“When people look at the condition of the country, particularly the economic condition of the country, and then look at President Obama’s policies, which have made that condition worse, not better, I believe the majority will vote for a change, to get the country back on the right track,” said Mississippi Gov. Haley Barbour (R). “But it’s anything but a given, and you shouldn’t ever bet against an incumbent.”
Ed Rendell, the former governor of Pennsylvania, said there are three ways the president can win: through improvements in the economy, which he acknowledged look questionable, given forecasts; through the failure of Republicans to nominate a strong candidate; or through missteps by congressional Republicans that could alienate crucial independent voters. Though the path for Obama remains perilous, Rendell said, “I like the president’s chances.”
A new Washington Post/ABC News poll finds that voters are directing their anger at Washington, and Democrats and Republicans are equally divided on who to blame for a slow economic recovery.
One year out from the 2012 presidential election, a Washington Post-ABC News Poll analyzes Obama’s approval and how he would fare against the top GOP candidates.
Steve Schmidt, who served as senior strategist to the presidential campaign of Sen. John McCain (R-Ariz.) in 2008, cast the election year ahead in dark terms.
“It’s a deeply pessimistic time,” he said. “Neither party is talking honestly or directly about the country’s problems and challenges. It’s going to be an extremely mean-spirited campaign, filled with nonstop attack ads. The whole focus will be on disqualifying the alternative, not on the country’s future. It will be very much the opposite of the hope-and-change theme of four years ago.”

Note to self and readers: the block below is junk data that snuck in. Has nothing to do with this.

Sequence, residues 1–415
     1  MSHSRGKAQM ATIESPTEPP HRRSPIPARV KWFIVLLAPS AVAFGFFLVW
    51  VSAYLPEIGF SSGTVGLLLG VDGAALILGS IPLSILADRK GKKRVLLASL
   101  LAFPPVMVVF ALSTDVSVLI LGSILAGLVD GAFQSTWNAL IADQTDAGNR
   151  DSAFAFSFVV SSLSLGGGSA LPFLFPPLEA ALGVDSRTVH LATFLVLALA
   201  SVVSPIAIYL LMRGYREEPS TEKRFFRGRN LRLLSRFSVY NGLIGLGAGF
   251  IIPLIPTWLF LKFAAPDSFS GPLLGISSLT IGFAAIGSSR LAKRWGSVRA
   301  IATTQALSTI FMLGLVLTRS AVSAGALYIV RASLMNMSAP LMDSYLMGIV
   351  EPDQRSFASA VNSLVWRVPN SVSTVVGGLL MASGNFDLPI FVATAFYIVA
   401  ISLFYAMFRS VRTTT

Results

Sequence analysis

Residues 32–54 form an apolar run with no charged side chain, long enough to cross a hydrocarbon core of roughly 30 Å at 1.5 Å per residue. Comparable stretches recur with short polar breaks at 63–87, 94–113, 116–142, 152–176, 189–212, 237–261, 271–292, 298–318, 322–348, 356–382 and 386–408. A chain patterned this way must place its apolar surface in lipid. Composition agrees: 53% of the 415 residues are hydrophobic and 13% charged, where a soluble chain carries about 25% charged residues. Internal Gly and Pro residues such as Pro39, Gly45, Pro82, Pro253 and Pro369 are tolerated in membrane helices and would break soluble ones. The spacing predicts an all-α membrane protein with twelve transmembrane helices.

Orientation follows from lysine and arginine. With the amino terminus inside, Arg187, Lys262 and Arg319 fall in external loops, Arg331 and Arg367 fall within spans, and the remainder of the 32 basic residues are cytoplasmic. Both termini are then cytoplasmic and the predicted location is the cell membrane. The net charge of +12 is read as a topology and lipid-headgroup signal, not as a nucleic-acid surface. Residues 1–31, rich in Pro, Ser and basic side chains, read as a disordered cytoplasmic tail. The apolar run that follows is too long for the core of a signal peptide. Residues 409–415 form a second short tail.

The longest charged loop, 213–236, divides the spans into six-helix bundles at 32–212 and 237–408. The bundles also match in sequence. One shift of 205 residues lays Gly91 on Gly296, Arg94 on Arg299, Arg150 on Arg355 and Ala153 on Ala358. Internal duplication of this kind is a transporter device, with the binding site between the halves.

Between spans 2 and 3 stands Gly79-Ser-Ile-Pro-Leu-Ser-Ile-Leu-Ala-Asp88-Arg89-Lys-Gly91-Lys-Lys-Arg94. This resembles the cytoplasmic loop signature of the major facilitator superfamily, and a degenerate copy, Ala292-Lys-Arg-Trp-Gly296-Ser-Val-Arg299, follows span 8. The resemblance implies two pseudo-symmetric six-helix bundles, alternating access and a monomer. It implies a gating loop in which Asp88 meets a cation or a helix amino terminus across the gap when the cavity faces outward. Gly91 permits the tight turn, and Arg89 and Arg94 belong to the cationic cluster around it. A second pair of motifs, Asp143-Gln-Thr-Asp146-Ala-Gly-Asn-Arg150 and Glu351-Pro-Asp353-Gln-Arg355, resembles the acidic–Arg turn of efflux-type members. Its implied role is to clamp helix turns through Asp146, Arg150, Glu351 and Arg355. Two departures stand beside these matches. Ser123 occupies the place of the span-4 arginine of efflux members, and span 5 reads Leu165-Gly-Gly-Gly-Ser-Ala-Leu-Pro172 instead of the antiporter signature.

In that context, the parties are already jockeying to frame the 2012 election, with Republicans aiming to cast it as an up-or-down vote on the president and Democrats wanting voters to see it as a choice between Obama and his opponent.
“President Obama’s failures have produced the greatest destruction of the middle class since the Great Depression,” said Stuart Stevens, chief strategist for Romney’s campaign. “The upcoming billion dollars of Obama campaign attack ads can’t distort the reality that this will be about President Obama’s record.”
Obama’s chief campaign strategist, David Axelrod, countered: “At the end of the day, presidential elections are always a choice, not a referendum. The American people take a hard look at each candidate and weigh their respective records, qualities, values and visions for the future. Not being the other guy isn’t enough.”
The mood of a nation
The new Washington Post-ABC News poll paints a stark portrait of an agitated electorate that is almost inflexibly divided, with voters awaiting the showdown between Obama and his eventual challenger. About three-quarters see the country as seriously off-track and nearly everyone sees the economy in bad shape.
Little more than a third of all Americans say they believe the economy has begun to recover, based on their own experience. That is markedly lower than the percentage of people who said they sensed the beginning of a turnaround at the end of Obama’s first year in office. Two-thirds doubt they can maintain their standard of living, and half worry they will retire without enough assets to last their lifetime.
Pessimism about the economy is matched by anger with the political system in Washington. An overwhelming majority of the people — eight in 10 — are dissatisfied with the way the federal government is working, including almost one-third — a record in Post-ABC News polls — who say they are angry about it.